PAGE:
Israeli Policy Is Not Apartheid

Saying it is apartheid may alleviate the frustrations of those who hate occupation, but it's completely inaccurate, insults South Africans, and feeds Israel's most hate-filled enemies.

Benjamin Pogrund
Benjamin Pogrund
The separation fence as it passes through Qalqilyah.
The separation fence as it passes through Qalqilyah. Credit: Alex Levac
Benjamin Pogrund
Benjamin Pogrund

"Israeli policy is what it is: apartheid," writes Bradley Burston (Haaretz, August 21, 2015). It's clearly a cry from the heart in conveying his feelings about Israel. He should, however, also apply his mind. If he did, he would know that applying the word "apartheid" to Israel is both factually wrong and politically naive.

Burston is not alone. He reflects the despair evident among Israel's left-wingers. They face a right-wing government moving inexorably ever-more to the right and supported by a majority of voters. They do not know what to do. In their impotence and confusion they thrash around trying to find ways of countering the horrible things they see being done and come up with what they think is the answer: "It's apartheid!"

Apartheid – the Afrikaans word for apartness – was a vile system of racial discrimination driven into every nook and cranny of South African society to subjugate the black majority. To apply it to Israel is deeply offensive, insulting to the people of South Africa who suffered under it, and is detached from reality. I say this as someone who was born in South Africa and spent 26 years there as a journalist investigating, reporting and analyzing apartheid. During the nearly 18 years I have since lived in Israel, I have been involved in dialogue across lines of division.

What Burston insists is apartheid are the actions of a right-wing government behaving like a right-wing government.

Declaring that stone-throwing is terrorism, as Justice Minister Ayelet Shaked does, is not apartheid; nor is the new law to impose up to 20 years' imprisonment for stone-throwing. Instead, they have everything to do with Israel's occupation of the West Bank and the resulting Palestinian resistance.

Stone-throwing can be life-threatening (I have personal knowledge: I was twice a victim while a reporter in South Africa and am lucky to be able to tell of it) but if there are to be harsh penalties then rather than drag in an irrelevant apartheid label, ensure that Palestinian and Jewish perpetrators are equally subject to the full rigor of the law.

Despite what Burston says, appointing Danny Danon as ambassador to the United Nations has nothing to do with apartheid. It's more likely that Prime Minister Benjamin Netanyahu wants to get rid of a pesky Likud opponent. Linking it to apartheid elevates a crass and unintelligent appointment into something that it isn't.

Nor is it apartheid when fundamentalist clergy spearhead segregation, supremacism and prejudice. Instead, look at the questionable nature of the Judaism they preach and the abject failure of Israel's Chief Rabbinate as a whole to offer guidance in the difficult moral situations in which Israelis find themselves.

Nor is the new law to allow force-feeding of detainees anything to do with apartheid. The controversial practice is not unique to Israel: the United States has used it as has the United Kingdom.

"Administrative detention" is not apartheid either. This euphemism for detention without trial might be acceptable in short-term emergency situations but it's beyond justification to have it as a permanent fixture of the law, with nearly 400 Palestinians said to currently be in prison without trial, some for years, and Jews now also being caught up. But rather than slickly using the false apartheid label, energy and effort should go into a public campaign to rein in this gross undermining of basic human rights.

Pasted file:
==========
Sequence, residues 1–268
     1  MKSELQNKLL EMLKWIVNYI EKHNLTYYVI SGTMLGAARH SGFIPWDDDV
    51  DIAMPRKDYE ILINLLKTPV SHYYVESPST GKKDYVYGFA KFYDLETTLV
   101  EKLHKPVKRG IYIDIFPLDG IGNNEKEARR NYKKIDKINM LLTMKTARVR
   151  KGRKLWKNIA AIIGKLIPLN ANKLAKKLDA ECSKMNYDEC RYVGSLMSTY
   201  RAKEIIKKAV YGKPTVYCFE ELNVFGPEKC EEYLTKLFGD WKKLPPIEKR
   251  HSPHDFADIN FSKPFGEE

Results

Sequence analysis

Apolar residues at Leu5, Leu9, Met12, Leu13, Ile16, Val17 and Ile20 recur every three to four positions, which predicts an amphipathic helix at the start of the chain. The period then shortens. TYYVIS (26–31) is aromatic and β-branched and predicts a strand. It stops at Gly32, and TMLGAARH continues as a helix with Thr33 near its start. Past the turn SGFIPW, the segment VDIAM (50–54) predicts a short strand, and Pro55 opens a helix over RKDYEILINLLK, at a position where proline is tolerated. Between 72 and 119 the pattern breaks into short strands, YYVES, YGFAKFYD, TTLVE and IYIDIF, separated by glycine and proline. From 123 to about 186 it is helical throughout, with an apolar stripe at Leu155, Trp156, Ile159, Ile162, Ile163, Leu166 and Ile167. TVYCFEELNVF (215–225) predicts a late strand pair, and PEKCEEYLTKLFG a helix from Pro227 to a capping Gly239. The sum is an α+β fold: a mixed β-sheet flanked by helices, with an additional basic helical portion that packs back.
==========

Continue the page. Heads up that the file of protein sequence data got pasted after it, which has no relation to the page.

Attacks by settlers on Palestinian lives and property are not apartheid, but another monstrous outcome of the occupation. The apartheid tag confuses and distracts. The West Bank, despite all that is cruel and unjust there, lacks the pervasive institutionalized racism that was the basis of apartheid South Africa. Rather than labeling the occupation with an inaccurate, inflammatory title, call it what it really is – tyranny, oppression – and focus on getting rid of it.

Burston is correct on one point: the call by Likud's Avi Dichter for separate, segregated roads for Israelis and Palestinians in the West Bank could take us down the slippery slope to apartheid. Yes, an argument could be made in the (sacred) name of security, as has been done before, but this is getting into problematic territory. Last October separate buses for Jews and Arabs were announced, but the attorney-general immediately stepped in and the plan came to nothing. It should stay that way.

The danger in accusing Israel of apartheid as an expression of domestic left-wing despair is that it provides a platform to the country's most hate-filled enemies. They aim to have Israel declared as apartheid – and pariah state, as was South Africa at its worst – and subjected to international isolation and boycott. Do Israeli left-wingers realize which crocodile they are feeding?

South Africa does offer one valid comparison: during the more than four decades of apartheid, the white government's majority increased in election after election. Opponents felt helpless to stem the tide. But they stood firm and went on believing in a nonracist and democratic South Africa. And of course, apartheid did eventually fall.

For Israel too: the left must remain unflinchingly committed to core beliefs of Zionism and democracy and freedom for Palestinians, best seen in a two-state solution. In Afrikaans, they must "Hou moed, hou koers" – "Keep strong, stay on track."

Benjamin Pogrund's "Drawing Fire: Investigating the accusations of apartheid in Israel" is published by Rowman & Littlefield, New York.

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